Contract essentials — 6 June 2013
When interpreting a contract, it’s not just the express terms of the contract that are important. Careful consideration should also be given to implied terms. It is important to know when terms will be implied, how they will work alongside the express terms in the contract and when they can be excluded. Terms might be implied into a contract for a number of reasons, including to reflect the intentions of the parties at the time the contract was entered into, to achieve fairness between the parties or to fill a gap in a contract so that the contract works in practice.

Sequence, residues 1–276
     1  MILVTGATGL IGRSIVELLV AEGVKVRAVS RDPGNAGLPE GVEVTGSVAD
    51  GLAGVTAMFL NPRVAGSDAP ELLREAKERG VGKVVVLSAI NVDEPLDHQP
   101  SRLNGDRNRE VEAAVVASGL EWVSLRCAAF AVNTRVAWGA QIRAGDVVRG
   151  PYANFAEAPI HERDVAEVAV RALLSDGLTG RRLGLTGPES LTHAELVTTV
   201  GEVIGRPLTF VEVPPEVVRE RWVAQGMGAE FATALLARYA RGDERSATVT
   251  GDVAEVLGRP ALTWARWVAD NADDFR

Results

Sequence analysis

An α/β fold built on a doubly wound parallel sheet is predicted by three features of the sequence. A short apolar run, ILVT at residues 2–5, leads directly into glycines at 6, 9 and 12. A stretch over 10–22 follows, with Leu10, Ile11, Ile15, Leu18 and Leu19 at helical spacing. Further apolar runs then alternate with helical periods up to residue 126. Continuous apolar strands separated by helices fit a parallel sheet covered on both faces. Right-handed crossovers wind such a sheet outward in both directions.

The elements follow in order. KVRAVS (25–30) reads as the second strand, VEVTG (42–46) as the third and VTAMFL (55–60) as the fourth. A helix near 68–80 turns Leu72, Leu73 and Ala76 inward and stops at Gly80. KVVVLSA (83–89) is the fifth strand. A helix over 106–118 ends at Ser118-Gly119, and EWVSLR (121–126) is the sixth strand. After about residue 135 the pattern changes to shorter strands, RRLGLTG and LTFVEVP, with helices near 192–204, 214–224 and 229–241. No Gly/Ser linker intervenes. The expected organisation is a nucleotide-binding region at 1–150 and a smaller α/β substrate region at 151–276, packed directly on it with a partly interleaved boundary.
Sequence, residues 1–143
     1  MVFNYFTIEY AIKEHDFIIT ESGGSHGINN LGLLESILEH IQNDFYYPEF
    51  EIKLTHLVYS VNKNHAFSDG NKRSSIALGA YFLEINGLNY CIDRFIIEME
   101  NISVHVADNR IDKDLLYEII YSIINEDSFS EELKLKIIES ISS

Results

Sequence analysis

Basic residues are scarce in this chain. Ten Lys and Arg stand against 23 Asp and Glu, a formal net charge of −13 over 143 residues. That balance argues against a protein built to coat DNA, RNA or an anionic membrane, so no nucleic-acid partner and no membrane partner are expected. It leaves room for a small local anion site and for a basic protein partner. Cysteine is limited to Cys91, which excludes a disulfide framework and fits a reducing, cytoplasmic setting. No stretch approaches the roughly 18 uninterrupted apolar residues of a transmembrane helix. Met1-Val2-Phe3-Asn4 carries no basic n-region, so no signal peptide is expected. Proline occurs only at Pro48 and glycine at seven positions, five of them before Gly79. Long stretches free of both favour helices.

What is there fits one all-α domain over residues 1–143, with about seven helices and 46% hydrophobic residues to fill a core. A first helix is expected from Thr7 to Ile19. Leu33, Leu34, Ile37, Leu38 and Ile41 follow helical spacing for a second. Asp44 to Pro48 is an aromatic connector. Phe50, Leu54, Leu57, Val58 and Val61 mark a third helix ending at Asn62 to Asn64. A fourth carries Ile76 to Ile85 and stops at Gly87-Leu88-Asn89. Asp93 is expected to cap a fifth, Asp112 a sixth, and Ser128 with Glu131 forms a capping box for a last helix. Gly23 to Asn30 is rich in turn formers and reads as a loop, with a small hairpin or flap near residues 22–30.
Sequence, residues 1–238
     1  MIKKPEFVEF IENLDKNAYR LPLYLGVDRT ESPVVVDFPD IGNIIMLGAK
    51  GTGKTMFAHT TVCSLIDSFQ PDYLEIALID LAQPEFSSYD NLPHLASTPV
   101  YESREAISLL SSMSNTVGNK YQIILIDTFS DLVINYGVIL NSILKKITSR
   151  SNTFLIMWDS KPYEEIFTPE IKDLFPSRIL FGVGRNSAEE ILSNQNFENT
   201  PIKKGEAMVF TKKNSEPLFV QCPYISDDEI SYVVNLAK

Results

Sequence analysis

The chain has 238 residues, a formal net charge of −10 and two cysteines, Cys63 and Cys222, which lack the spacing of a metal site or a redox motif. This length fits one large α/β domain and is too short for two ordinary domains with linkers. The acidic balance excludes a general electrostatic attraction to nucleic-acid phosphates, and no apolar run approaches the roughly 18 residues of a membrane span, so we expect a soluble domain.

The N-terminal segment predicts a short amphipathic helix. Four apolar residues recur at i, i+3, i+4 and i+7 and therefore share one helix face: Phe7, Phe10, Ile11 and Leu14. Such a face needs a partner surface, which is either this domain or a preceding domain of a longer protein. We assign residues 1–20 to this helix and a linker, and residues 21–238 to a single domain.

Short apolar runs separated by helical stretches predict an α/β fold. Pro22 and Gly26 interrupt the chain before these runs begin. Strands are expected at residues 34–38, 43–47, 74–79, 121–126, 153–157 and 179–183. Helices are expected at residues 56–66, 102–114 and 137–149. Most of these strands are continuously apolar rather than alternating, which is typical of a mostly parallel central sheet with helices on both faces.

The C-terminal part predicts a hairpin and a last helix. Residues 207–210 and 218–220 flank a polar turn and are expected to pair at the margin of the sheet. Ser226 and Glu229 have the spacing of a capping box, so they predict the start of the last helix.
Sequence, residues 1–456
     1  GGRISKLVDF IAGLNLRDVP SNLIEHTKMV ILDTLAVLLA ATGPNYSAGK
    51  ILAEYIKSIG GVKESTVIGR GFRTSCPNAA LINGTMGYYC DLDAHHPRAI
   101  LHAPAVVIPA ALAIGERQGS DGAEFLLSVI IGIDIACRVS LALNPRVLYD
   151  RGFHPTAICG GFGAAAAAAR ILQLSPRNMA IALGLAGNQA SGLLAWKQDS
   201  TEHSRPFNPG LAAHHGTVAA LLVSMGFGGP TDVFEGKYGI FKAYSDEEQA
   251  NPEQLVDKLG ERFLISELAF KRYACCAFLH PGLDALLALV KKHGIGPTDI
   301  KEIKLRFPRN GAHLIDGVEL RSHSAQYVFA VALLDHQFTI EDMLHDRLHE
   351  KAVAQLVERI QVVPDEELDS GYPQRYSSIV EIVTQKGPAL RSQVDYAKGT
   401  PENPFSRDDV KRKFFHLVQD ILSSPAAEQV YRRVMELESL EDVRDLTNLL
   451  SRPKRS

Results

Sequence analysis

The court may imply a term into a contract based on: usage or custom; the parties’ previous course of consistent dealing; the intention of the parties, known as a term implied ‘in fact’; common law, where the implied term is a necessary part of a particular type of contract; or statute, for example the Sale of Goods Act 1979 (which implies terms as to the quality of goods supplied and their fitness for purpose).
The recent case of Mid Essex Hospital Services NHS Trust v Compass Group UK and Ireland Ltd (trading as Medirest) (2013) highlights the reluctance of the courts to imply terms into a contract where express terms will suffice…
If you are registered and logged in to the site, click on the link below to read the rest of the Mills & Reeve briefing. If not, please register or sign in with your details below.
News from The Lawyer
Analysis from The Lawyer
The trend for unbundling legal work is advancing through the law firm ranks but there is still resistance in some quarters - namely in-house. We asked why